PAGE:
What a night it was when I arrived at the American Hotel in Sag Harbor to meet the iconic and legendary sex therapist Dr. Ruth Westheimer for her 93rd birthday celebration dinner before accompanying her to see herself portrayed in “Becoming Dr. Ruth,” a one-woman show starring Emmy Award nominee Tovah Feldshuh at the reopening of the renowned Bay Street Theatre.
It was an exciting night on many levels, but for me, I found the most joy in holding Dr. Ruth’s soft, delicate hands during dinner.
We were a group of 12 people seated at two tables and I was told by organizer and hostess Patti Kenner to sit next to the honored guest. What a treat!
Life’s connectedness brought me to the dinner, thanks to my friend Upper East Side Assemblywoman Rebecca Seawright.
Dr. Ruth has a doctorate of education from Columbia University and is very proud of her being a professor at several CUNY schools. She seemed especially proud of her honorary doctorate recently awarded from Ben-Gurion University of the Negev and took delight in a special pin she was given.
Holding her delicate but powerful hands reminded me of the last time I held the hands of my beloved friend Claire Shulman only days before she died at age 94. Claire was 5 feet 10 inches tall and had large, yet soft hands, while Dr. Ruth is about 4 feet 7 inches tall and her hands are just as tiny as she is. But, in holding their hands, I felt both women’s warmth and caring qualities. Just like Claire, Dr. Ruth had a remarkable way of making me feel special.
To my surprise, as we talked, she mentioned she is going to Lake Oscawana for the weekend. I said, with great joy, “that’s where I spent every summer of my life until I went to college!” So many sweet memories and I hope I can visit her there to relive for a moment my childhood on the lake.
After dinner, I had the privilege of driving her to the Bay Street Theatre, just down the block. She left her extra bags in my car and offered innumerable thanks for the ride. I told her it was, in fact, my honor!
I thought I knew of Dr. Ruth, the name she adopted with the launch of her 1980 radio show “Sexually Speaking,” but I didn’t know she has written 45 books on sex and sexuality.
I also learned of this courageous woman’s journey — she is a Holocaust survivor — through the powerful play we saw after dinner, “Becoming Dr. Ruth.” It’s a masterfully written one-woman play by renowned playwright Mark St. Germain, who directed the production in a way that allowed Tovah, the talented starring actress, to channel Dr. Ruth.
When we got to the theater, Dr. Ruth directed the staff to seat her out of view of Tovah and be seated next to her husband, the brilliant lawyer Andrew Levy. I was seated one seat away from Dr. Ruth and I kept my eyes on her as her life was portrayed on stage.
I never knew that Dr. Ruth was one of a group of 300 children sent to the safety of Switzerland in 1939 by her mother and grandmother as Hitler’s grip on Germany tightened. Her father had been taken away by the Nazis just days before. She never saw her family again.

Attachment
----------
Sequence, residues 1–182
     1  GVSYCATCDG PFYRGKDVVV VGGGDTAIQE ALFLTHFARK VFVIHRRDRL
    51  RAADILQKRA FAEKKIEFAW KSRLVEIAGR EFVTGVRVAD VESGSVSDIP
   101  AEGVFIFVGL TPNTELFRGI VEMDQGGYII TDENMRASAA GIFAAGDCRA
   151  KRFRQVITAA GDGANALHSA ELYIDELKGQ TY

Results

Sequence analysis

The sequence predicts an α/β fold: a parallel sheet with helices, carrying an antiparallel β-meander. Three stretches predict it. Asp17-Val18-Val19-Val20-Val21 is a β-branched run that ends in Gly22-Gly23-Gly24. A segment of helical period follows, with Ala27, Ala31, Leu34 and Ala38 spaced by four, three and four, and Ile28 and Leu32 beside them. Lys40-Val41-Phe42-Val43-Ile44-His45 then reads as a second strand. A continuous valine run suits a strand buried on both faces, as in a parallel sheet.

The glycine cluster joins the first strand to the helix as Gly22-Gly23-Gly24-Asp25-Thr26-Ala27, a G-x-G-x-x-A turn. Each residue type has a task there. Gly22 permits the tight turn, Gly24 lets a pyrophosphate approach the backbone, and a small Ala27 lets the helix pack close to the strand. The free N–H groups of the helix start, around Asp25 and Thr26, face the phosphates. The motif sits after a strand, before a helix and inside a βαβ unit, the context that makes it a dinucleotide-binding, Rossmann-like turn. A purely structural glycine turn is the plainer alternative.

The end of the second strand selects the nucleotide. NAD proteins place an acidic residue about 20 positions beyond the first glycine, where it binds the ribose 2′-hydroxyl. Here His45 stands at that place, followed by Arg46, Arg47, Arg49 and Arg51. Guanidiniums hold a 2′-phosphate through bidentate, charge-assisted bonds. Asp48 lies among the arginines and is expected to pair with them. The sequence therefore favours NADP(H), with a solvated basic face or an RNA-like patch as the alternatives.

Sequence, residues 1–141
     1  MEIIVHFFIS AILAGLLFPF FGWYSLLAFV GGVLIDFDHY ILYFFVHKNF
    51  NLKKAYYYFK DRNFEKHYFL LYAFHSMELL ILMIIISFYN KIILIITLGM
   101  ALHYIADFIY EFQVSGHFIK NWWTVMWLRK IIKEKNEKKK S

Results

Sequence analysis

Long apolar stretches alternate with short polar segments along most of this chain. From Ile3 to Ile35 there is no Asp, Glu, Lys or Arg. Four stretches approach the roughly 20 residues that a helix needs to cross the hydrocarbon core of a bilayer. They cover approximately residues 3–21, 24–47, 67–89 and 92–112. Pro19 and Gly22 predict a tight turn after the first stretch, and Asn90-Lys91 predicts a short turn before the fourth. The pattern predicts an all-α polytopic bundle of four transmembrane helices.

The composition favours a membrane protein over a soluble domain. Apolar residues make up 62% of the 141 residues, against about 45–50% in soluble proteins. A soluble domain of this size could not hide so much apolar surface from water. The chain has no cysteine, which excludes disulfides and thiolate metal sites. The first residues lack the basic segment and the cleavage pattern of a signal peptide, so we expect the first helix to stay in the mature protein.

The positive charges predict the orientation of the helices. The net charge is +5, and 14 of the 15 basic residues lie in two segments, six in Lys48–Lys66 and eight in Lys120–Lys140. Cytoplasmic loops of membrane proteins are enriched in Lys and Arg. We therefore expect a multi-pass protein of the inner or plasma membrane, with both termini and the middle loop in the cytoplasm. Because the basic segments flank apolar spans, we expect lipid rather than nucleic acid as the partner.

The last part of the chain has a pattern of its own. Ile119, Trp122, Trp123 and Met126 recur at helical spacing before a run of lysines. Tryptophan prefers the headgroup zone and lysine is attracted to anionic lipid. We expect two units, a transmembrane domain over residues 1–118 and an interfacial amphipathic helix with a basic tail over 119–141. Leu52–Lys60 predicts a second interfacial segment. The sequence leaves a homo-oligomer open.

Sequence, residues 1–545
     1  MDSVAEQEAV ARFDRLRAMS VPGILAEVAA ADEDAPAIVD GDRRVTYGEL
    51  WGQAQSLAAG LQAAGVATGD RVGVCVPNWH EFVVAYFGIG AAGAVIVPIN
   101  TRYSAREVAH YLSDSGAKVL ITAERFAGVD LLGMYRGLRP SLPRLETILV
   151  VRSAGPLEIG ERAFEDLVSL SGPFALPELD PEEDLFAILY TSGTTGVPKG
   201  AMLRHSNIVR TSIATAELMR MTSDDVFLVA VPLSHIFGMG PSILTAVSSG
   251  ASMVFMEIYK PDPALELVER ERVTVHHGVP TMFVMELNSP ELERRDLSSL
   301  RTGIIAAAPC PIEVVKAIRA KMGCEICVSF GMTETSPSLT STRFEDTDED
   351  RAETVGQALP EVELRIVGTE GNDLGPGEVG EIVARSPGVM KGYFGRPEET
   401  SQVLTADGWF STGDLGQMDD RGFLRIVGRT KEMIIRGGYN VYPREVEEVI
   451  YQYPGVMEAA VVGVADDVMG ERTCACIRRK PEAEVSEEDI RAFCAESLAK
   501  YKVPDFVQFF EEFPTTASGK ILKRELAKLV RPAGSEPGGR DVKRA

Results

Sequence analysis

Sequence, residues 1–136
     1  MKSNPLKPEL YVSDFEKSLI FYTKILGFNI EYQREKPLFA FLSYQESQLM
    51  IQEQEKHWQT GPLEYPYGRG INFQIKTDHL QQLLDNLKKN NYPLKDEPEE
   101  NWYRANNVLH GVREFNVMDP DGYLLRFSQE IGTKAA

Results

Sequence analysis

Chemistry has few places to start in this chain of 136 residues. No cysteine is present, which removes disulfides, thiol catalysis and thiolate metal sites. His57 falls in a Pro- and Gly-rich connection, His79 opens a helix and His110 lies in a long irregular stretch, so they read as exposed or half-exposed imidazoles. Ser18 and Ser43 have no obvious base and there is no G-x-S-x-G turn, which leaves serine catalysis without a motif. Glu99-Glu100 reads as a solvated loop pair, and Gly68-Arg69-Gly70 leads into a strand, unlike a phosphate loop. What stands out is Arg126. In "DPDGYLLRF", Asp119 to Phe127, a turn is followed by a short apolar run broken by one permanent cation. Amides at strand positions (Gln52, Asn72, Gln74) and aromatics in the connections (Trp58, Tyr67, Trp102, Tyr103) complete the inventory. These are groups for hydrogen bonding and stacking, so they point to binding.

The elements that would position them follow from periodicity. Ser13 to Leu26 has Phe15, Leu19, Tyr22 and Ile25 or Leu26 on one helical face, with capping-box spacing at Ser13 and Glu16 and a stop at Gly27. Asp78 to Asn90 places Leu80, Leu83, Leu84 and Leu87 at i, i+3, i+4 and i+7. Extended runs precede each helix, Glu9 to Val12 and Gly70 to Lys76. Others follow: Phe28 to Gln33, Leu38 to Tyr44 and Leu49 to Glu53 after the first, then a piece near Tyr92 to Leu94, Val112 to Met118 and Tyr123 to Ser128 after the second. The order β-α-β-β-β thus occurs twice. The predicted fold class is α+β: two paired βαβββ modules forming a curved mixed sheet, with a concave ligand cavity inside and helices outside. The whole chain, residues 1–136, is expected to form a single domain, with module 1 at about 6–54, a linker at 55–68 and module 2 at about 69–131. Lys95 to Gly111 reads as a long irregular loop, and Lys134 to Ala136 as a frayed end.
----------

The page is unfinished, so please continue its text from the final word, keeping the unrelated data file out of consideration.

But there is an indomitable spirit in her that pushed her forward from her “slavery” in Switzerland to Paris and then to Israel, where she joined the underground Haganah, which helped her survive and eventually flourish in America.
Dr. Ruth’s story is one that brought tears, fear and cheers to my heart. Dr. Ruth sat at the edge of her seat and laughed and loved every moment of the play.
You can relish the 90-minute performance until June 27. Reservations can be made online at baystreet.org.
Don’t miss the play, as you will love it, too!
Another night to remember
My son Josh, the CEO of our company, is leading the charge on the food and wine events we will be holding in the Hamptons this summer.
One of the locations of the fundraising dinner for the historic and respected well-known Guild Hall in East Hampton will be the waterfront East Hampton Point Hotel and Marina.
We were invited to a “friends and family” introduction dinner party and I delightedly accepted.
The stunning setting was created by the new owner Heath Freeman, a passionate Montauk resident. He’s also the new owner of Tribune Media, which is second only to Gannett in the number of daily newspapers published nationwide. His holdings also include the New York Daily News.
He and I bonded over our mutual love of newspapers and our wish to keep them sustainable. Our company prints over 600,000 papers a week and most of them are printed on the Daily News’ presses, so we have a lot in common.
Join us for the legendary wine and food events this summer. Check out the website danstaste.com for more details!
Mayoral candidate Eric Adams spoke eloquently before a group of businessmen and women about his vision for a safe city and one that makes city agencies expedite building projects and encourages the city’s economy to again flourish.
Watermill resident Caroline Hirsch, owner of Carolines on Broadway, reopened her famed club to a sold out crowd on Memorial Day weekend. We need the laughs!